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Study groups can be an important part of academic success.  Study groups are an opportunity to really dive into the material through discussion with peers.  Additionally, study groups help with procrastination and can help you develop new study skills.

The Five W’s of Study Groups

Why form a study group?

  1. Accountability: You’ll be more prepared and stay focused if you know your group is counting on you.
  2. Active Studying: You’re more likely to use active, evidence-based study strategies during group study and therefore learn more effectively.
  3. Support: Have a question? Need help? Your group will be there when you need it.
  4. Community: You and your group are all working toward a common goal, and for most students, it is more enjoyable than studying alone.

Who should I study with?

Study groups are most effective when kept small (2-5 members) to allow enough time for everyone to ask and answer questions. Choose peers who are committed and will come to each session prepared and ready to work.

It is often useful to designate someone to facilitate the group. This person will be in charge of scheduling, tracking group progress, and helping the group stay focused. This could be one set person or you could designate a “leader of the week.”

When should we meet?

Your study group should aim to meet once weekly. While meeting right before an exam is a good idea, meeting regularly throughout the semester will yield the greatest results.

Once the “who” is decided, find a mutually agreeable time where everyone can attend and then agree upon the length of the session (60-90 mins). Consider times when everyone is likely to be focused.  If you’re going to socialize, consider adding that to the schedule.

Where should we meet?

Look for a space that allows discussion but isn’t too noisy. Ideally, this space will have whiteboards and outlets for your laptops. Look for seating that isn’t too comfy so you’ll stay focused and ready to use the whiteboard.

The library website offers great suggestions, including the Kenan Science Library and Davis Library Research Hub.

What do I need to do to start a study group?

Here’s a checklist of things to get your study group up and running:

  • Find two or three people to join you. Ask peers you’ve observed in class that you think might be a good match or ask your professor for help. You can also post a message on your Sakai message board.
  • Find a time everyone can meet and agree on a regular meeting schedule. Try using a scheduler like When2Meet or Doodle.
  • Find a place to meet. Since some study rooms require reservations, having a set time can really be useful.
  • Set ground rules to help your group session run smoothly.  Suggestions:  welcome all questions, everyone takes turn asking and answering questions, no phones or social media, show up prepared, no judgment of anyone’s skill level, no competition.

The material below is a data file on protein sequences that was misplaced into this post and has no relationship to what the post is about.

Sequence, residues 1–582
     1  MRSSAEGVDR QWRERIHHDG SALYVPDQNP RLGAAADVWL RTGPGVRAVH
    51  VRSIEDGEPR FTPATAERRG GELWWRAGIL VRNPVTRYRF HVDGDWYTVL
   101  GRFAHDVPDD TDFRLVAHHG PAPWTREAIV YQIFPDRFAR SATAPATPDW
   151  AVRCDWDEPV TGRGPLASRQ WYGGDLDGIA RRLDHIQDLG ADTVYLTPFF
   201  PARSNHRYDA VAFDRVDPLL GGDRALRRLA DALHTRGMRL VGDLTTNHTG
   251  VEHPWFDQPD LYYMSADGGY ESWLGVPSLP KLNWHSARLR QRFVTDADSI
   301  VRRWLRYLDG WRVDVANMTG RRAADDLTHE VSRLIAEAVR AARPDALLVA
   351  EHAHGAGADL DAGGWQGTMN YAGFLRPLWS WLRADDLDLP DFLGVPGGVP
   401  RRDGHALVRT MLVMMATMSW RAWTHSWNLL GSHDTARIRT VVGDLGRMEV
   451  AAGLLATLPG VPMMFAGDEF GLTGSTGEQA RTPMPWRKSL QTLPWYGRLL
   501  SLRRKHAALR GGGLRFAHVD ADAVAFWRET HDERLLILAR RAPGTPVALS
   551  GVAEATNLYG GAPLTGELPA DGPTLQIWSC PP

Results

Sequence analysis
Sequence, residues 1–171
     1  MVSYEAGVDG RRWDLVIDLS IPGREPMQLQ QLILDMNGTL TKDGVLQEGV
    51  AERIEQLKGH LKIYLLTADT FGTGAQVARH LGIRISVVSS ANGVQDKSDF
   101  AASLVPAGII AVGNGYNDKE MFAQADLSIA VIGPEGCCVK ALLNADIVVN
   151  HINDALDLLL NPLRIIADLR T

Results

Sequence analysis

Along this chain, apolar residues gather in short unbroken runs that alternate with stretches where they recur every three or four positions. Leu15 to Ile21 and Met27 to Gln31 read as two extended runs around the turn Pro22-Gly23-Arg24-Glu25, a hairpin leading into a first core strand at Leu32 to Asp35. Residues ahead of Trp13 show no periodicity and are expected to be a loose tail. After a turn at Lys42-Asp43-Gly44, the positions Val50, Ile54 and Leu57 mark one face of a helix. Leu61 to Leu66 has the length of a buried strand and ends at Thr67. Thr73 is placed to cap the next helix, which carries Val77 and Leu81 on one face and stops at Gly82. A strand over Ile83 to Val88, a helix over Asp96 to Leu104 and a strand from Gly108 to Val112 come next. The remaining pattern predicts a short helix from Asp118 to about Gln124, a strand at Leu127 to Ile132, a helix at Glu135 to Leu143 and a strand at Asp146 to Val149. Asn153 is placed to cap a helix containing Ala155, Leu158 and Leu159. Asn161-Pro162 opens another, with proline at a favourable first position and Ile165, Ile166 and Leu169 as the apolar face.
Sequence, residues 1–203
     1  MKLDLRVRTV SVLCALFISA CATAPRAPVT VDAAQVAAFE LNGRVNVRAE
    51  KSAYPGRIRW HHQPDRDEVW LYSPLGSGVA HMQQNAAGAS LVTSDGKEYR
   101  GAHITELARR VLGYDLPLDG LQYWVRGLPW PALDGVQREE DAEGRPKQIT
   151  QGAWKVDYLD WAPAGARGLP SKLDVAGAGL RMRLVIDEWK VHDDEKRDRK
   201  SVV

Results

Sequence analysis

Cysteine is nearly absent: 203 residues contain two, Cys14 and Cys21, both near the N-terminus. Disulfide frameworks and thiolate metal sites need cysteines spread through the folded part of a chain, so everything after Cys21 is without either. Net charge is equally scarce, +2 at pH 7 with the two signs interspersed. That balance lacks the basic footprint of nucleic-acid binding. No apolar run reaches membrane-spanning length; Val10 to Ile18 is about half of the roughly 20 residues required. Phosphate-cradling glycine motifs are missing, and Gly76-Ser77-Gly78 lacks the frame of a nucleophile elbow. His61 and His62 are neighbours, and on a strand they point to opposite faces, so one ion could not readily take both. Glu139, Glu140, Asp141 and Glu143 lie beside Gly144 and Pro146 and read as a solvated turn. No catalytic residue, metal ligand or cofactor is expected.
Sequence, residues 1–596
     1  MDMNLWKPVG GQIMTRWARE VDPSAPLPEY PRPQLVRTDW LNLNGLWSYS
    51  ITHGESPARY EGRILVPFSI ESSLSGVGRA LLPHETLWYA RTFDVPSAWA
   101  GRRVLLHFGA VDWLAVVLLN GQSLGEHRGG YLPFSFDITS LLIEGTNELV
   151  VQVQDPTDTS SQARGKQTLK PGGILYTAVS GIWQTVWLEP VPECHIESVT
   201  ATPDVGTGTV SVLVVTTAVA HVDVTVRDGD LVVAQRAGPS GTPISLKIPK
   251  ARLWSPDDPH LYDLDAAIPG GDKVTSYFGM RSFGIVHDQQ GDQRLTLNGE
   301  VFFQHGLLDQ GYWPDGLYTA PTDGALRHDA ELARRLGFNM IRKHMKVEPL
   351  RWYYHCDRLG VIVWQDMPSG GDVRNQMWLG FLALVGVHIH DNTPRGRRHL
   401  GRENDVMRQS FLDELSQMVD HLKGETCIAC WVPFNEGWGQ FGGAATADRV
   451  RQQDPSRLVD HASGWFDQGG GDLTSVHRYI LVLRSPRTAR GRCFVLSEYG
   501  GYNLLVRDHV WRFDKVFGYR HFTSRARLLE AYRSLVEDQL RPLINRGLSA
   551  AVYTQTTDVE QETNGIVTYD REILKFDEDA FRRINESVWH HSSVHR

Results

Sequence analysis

• Appoint a permanent facilitator or a “leader of the week” to be the timekeeper and help the group stay on task.
  • Make sure everyone knows what they need to do before meeting.

What does a study group session look like?

Be prepared! The best study group sessions happen when everyone is prepared.  Work with your group members to decide what you want to cover in your next session.  Consider using email or Google Docs to keep track and delegate, and remember to choose content that is relevant and up-to-date.  Pick specific homework problems to review with one another and decide who is presenting each problem.  Be careful not to focus on too many application problems, but instead make a point of discussing more conceptual questions.

Structure. Decide with your group how you want the session to proceed, and most importantly, set SMART goals for your session (see this video).  Adding structure will ensure that you stay on task and cover all the material.  Here are a few suggestions:

  • Start the session with a review of what you learned in the past week. You can delegate the big ideas to group members to individually present.  Group members can compare notes from class and fill in any gaps that arise.
  • Take turns teaching or presenting homework problems.  Teaching a concept to your peers is a great way to ensure that you understand the material.
  • Bring in questions that you have or have generated.  Posing them to the group opens the door for a great discussion!
  • Use active study strategies. As a group, create a concept map, teach each other, make an outline of the lectures, or create a study guide for the upcoming exam.
  • Brainstorm questions you might see on an exam.

Other study tips: evaluate which concepts are being tested in the question; mix up how the material is being presented to include seeing, hearing, and doing; avoid doing multiple problems of the same type consecutively (your exam doesn’t present them that way); write out how you’re solving a problem.

Review. At the end of your session, take a few minutes to review all the information that was presented.  Test yourself with the concepts using recall to be sure you have a good mastery of the material.  Think about how your session went and what you as a group want to change next time to improve.


Shaw, D. M. (2011). Promoting professional student learning through study groups: A case study. College Teaching, 59, 85-92.

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